But there’s a downside of trying to achieve a qualifying disposition just so you can secure a favorable long-term capital gains tax rate: You have to buy and then hold the shares for at least one-year post-purchase. During this time, the stock price can go up and down, exposing you to market volatility and risk of loss of value.
4. You May Not Pay Social Security or Medicare Tax on Some of Your ESPP Profits
The nuance of income tax with an employee stock purchase plan can be complicated, and is beyond the scope of this article — but to give you a quick overview of this benefit, when you sell your shares via a qualifying or a disqualifying position, you will likely need to report some combination of compensation income and short- or long-term capital gains income.
You do not, however, need to report income that would be subject to Social Security or Medicare payroll tax. This may be different from other equity compensation that you may have, like non-qualified stock options or restricted stock units.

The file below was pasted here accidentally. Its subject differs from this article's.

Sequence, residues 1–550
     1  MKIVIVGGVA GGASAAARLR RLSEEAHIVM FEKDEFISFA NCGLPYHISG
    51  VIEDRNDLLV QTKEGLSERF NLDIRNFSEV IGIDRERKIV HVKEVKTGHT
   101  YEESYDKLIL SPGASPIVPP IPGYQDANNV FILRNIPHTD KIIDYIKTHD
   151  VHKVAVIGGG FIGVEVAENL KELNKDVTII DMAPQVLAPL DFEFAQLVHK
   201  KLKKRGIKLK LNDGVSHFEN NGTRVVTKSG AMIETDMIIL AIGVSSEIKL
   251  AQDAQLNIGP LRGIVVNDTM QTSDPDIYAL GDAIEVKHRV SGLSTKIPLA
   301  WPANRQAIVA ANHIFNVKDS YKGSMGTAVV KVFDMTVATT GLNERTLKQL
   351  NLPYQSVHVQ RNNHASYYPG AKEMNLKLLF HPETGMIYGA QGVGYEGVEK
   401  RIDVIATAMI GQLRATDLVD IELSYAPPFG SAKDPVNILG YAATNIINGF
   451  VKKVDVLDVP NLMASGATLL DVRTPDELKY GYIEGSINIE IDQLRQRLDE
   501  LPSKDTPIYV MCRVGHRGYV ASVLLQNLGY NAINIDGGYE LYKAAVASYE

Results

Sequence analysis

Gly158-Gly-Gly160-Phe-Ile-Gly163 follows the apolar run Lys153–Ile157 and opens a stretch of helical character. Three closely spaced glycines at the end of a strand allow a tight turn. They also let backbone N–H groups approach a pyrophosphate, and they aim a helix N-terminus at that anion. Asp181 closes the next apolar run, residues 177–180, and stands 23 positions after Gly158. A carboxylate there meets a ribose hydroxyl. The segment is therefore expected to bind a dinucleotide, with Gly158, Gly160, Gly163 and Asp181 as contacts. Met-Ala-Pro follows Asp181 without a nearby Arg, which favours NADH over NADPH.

5. A Good ESPP Might Increase Your Overall Income
An employee stock purchase plan that offers a purchase price discount or a lookback provision might be a fantastic opportunity to increase your overall income and net worth — even if you already own a large position in company stock. Here’s why:
Let’s assume that you participate in a plan and that you are allowed to purchase shares at 15% discount. Then, you sell those same shares immediately after the purchase date. The discount offered by the plan may reduce the potential investment risk associated with participating in a stock plan.